HOW TO MAKE YOUR DEAD SEA EXPERIENCE MEMORABLE (AND PAINLESS!)
1. Take a day pass in one of the hotels on the shores of the Dead Sea
If you don’t have much time, your best bet is to take a day pass at any of the hotels in the Dead Sea area. Since you would only float, rinse and shower, take a day pass as the public beach might offer the facilities you need.
We accessed the Dead Sea via the Movenpick Resort & Spa Dead Sea – it’s a huge resort with great facilities, beautiful and well maintained grounds and most of all, very helpful staff. It has direct access to the shore of the Dead Sea and view from there is just AMAZING.
The hotel has villa type rooms facing the sea with private pools. The whole ambiance is very peaceful and relaxing.
The pools at the hotel all looked very lovely however, it was too cold for a swim. Thankfully, the Movenpick Resort & Spa Dead Sea has a “winter” pool called the hydro pool at the spa where the water is heated.
If I had to do it again, I’d probably stay for a night at the Movenpick just to relax after the Dead Sea experience and enjoy the hydro pool at the spa more and perhaps, another dip in the healing waters of the Dead Sea!
2. Don’t shave a few days before your visit
This tip is applicable to both men and women. The high salinity means that even the smallest of cuts will burn. Cover open cuts or wounds with a waterproof bandage if you don’t want to know the real meaning of “putting salt in one’s wound”.
3. Consider wearing water shoes
The shores and floor of the Dead sea is not soft powdery sands you might encounter on most beaches. The shores are pebbly and there are several sharp clumps of crystallized salt stuck to the stones at the floor. Pristine had a cut on her toes because we were barefoot. If I would do it again, I’d definitely bring and use some sort water shoes. TAKE MY WORD FOR IT.
4. Bring some reading material to capture that IMPORTANT photo
You’ve probably Googled “floating in the Dead Sea” and saw photos of people holding magazines as they float on their backs. Want that iconic shot? Bring along your own prop! We didn’t bring any but luckily, the hotel staff gave us something to use!
5. Wear an old bathing suit
The water is quite harsh on fabrics and can cause discolouration. Save your favorite bikini for the pool.
6. Don’t splash the water
Try not to splash. That’s not the usual recommendation for a seaside getaway, with a salt and mineral content upward of 30 percent, a splash of Dead Sea water in your eyes and you can’t open it for at least five minutes! If you get a drop of water on your face, do not use your wet hand to try to brush it off! You’ll get more water on your face and if it gets into your eyes, it will sting a lot. Just get out, walk like a blind man and go to the shower.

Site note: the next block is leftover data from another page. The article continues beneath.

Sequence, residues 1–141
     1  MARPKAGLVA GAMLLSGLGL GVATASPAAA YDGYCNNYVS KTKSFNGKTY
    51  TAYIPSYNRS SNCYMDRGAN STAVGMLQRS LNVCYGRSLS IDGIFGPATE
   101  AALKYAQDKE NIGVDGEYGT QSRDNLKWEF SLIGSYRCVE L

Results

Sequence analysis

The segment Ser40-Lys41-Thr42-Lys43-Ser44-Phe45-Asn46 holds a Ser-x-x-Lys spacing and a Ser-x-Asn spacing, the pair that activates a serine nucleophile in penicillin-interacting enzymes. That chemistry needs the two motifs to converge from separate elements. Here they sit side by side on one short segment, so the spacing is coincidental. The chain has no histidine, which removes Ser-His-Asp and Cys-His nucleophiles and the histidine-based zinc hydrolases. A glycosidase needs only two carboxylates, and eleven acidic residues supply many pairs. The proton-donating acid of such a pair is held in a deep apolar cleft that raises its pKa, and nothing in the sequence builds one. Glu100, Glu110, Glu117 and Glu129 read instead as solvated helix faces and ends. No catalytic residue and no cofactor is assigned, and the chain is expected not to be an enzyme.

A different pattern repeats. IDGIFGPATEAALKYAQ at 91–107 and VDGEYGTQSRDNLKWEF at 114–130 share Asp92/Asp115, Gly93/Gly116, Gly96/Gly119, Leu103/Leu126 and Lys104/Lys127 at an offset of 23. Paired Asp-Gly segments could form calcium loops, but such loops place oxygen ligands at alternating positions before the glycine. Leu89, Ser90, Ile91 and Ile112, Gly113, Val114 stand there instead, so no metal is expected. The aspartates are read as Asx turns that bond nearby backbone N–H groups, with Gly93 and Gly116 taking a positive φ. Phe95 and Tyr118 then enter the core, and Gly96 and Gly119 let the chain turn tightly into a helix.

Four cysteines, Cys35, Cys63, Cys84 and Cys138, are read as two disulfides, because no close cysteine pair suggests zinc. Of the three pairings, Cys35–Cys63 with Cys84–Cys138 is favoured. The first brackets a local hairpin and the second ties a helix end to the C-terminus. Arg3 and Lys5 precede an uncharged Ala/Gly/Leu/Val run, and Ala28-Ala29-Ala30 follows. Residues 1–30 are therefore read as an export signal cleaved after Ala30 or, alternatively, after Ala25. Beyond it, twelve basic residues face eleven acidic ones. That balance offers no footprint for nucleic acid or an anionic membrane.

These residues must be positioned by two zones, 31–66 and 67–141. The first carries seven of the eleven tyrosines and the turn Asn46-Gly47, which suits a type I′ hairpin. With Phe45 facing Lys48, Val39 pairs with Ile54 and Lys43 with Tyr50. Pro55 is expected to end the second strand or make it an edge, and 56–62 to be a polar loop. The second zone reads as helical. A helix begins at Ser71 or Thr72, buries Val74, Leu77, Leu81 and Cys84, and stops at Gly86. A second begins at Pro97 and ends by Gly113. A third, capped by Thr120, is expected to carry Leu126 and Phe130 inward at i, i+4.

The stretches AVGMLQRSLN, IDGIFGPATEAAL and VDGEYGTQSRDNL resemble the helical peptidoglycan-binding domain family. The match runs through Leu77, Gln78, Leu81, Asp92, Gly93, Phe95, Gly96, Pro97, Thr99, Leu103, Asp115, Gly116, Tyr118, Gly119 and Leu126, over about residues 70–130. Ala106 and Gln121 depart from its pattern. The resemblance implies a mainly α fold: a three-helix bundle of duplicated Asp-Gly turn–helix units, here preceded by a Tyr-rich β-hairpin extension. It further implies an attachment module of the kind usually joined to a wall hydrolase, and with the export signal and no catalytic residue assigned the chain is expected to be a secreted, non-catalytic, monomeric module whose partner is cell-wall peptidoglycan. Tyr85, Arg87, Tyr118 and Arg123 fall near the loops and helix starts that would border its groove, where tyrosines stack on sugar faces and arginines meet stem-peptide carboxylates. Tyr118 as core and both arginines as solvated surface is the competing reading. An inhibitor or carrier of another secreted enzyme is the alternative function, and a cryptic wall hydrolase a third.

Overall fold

Don’t kick the water to move, just use your hands.
7. Just lean back
Don’t try to swim. Floating ON YOUR BACK is the preferred method of immersion at the Dead Sea. In the photo, our guide is trying to explain to Pristine how to do the floating thingie properly. I honestly don’t know what we’d do without her when we were there. She tells us to just relax, walk in slowly, pretend you are about to sit down on a chair and lean back; the water will do the rest.
The buoyancy is nothing like you’ve experienced before because the salinity is 8-9 times that of normal sea water.
8. Do the mud pack!
Don’t laugh now but the black mud of the Dead Sea is VERY good for the skin. The black mud found on the seabed is high in magnesium, sodium, potassium, and calcium, which can give you a mud bath that can help to treat many ailments and skin diseases..
After floating, we applied mud all over our body and allowed the mud to dry.
The sun was shining out but the cold winds of winter made us shiver. We were the only bathers when we were there because winter is off season for this kind of activity. After the mud dried up, we rinsed it in the salty water again and OMG – my skin became especially so soft, shiny and just absolutely smooth for a few days after our mud pack and Dead Sea soak!
9. Don’t spend too long in the sea
The water is dehydrating, and you’re advised to spend no more than 20 minutes in it. A shower is advised right after getting out. You can always go back in the sea for another 10-15 minutes, but shower in between if you don’t want to have your skin become irritated.
10. Bring a camera!
Take a photo or it did not happen, right? I also want to mention that I used a waterproof, all weather, all terrain casing for my phone so we can take photos at the Dead Sea. My very trusty Catalyst Case survived a dip in the world’s saltiest waters!
Beautiful pictures! How about wearing swimming googles to protect the eyes when you go in the water (for those with sensitive eyes)?